December is here, which means it’s time for year-end tax planning. For year-end 2016, the complexity of tax planning is greater than in years past. As United States President-elect Donald Trump enters the White House with a Republican-controlled Congress, we can expect tax reform. Paul Ryan and Donald Trump have similar goals but have yet to come to an agreement. What does this mean for us? We need to make decisions in regards to our tax-planning based on what may or may not be passed by Congress. What should you do? Below are three thoughts to consider based upon the expectation that we get tax reform:
Expectation: Lower tax rates in the future
Recommendation: Defer income where possible until next year
Under the expectation that tax brackets may be lower in 2017 compared to 2016, people should consider pushing their income into 2017 as opposed to 2016. For many of us, this is hard to do; we get a paycheck when we receive it and that’s it. Consultants, small business owners, and executives are often the types of individuals that are given a choice of when to receive income and when to retire, which also determines termination payouts. For these individuals, deferring income can be as simple as not billing consultant work or small business income until January 2017 as opposed to December 2016 this year.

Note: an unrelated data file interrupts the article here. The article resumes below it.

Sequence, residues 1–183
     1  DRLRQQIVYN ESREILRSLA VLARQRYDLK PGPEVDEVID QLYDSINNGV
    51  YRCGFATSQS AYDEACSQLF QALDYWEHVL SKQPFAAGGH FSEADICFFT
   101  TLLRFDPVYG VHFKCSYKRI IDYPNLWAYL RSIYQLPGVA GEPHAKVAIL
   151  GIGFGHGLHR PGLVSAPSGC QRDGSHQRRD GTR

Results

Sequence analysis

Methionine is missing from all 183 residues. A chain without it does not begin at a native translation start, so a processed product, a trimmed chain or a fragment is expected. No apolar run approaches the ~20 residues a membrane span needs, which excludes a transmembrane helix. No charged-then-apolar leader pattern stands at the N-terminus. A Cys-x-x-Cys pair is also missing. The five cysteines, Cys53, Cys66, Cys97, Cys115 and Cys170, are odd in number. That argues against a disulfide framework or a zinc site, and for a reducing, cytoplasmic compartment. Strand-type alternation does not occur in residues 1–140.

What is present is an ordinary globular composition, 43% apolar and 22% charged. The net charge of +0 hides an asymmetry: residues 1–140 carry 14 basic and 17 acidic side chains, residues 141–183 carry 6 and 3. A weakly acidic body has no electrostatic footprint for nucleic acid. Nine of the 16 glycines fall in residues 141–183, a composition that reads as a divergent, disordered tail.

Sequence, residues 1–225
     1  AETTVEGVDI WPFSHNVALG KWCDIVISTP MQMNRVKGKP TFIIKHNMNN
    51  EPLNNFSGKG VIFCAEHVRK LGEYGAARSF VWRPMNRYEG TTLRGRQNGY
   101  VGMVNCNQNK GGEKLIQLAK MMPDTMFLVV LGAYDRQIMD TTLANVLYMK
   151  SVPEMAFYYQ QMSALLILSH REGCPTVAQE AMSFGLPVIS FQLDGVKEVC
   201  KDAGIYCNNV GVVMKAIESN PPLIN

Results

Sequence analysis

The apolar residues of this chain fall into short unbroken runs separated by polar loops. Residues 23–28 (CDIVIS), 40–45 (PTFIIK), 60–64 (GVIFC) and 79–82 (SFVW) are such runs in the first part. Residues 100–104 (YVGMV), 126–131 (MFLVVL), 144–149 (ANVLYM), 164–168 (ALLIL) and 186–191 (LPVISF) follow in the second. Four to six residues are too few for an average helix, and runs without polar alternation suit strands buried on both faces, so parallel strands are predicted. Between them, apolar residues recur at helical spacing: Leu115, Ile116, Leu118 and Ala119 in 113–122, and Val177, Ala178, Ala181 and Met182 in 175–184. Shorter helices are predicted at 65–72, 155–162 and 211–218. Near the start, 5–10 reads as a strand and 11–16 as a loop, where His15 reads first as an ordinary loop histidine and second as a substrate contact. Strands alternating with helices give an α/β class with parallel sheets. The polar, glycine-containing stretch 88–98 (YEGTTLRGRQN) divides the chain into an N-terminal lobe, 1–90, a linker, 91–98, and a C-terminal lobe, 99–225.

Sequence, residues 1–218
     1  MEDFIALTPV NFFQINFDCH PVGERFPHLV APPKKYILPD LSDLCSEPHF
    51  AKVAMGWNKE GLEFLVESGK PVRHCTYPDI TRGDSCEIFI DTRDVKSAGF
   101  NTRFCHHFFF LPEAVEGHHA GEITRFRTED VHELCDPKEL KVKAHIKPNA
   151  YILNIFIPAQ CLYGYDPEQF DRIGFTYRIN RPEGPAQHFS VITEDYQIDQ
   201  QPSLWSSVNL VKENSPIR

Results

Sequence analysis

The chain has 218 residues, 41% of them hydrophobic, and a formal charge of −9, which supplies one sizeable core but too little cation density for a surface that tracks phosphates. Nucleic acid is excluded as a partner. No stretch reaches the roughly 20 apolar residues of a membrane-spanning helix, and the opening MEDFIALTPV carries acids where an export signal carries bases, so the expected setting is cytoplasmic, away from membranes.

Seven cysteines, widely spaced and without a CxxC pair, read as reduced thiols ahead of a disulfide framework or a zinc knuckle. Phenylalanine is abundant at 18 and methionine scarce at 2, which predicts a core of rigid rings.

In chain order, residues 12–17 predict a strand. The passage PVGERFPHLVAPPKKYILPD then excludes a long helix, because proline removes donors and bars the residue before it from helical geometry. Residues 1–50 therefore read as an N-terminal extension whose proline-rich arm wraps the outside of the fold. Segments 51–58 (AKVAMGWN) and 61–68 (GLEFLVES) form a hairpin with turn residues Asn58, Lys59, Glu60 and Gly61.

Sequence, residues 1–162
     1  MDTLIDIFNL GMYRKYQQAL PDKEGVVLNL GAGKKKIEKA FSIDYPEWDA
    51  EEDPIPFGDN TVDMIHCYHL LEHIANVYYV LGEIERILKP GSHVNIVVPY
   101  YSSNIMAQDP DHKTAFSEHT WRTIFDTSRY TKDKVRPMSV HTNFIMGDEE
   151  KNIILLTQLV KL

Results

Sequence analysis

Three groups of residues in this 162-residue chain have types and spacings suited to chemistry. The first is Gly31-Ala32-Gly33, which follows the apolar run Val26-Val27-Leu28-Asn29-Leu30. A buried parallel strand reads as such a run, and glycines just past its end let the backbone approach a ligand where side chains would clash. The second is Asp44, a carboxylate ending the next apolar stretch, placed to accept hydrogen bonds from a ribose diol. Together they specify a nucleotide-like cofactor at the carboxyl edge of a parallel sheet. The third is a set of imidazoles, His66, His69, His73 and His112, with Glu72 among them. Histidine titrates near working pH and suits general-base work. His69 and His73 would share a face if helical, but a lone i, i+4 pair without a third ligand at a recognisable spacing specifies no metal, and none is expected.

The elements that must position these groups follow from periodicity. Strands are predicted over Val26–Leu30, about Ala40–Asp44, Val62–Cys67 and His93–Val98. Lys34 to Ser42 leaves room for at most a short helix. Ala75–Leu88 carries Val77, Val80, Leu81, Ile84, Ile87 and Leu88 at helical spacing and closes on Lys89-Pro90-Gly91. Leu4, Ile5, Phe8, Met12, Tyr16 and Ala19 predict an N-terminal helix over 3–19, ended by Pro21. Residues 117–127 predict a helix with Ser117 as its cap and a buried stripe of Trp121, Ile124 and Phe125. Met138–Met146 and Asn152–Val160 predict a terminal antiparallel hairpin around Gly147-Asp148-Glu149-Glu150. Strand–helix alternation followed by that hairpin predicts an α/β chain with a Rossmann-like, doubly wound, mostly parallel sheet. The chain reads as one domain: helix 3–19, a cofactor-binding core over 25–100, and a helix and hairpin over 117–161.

Furthermore, another option for our clients that are taking their first RMD (Required Minimum Distribution) this year is to defer their RMD till next year. This will allow the income to be received in a potentially lower tax year.
Expectation: Higher standard deductions along with new caps and phaseouts
Recommendation: Bring them forward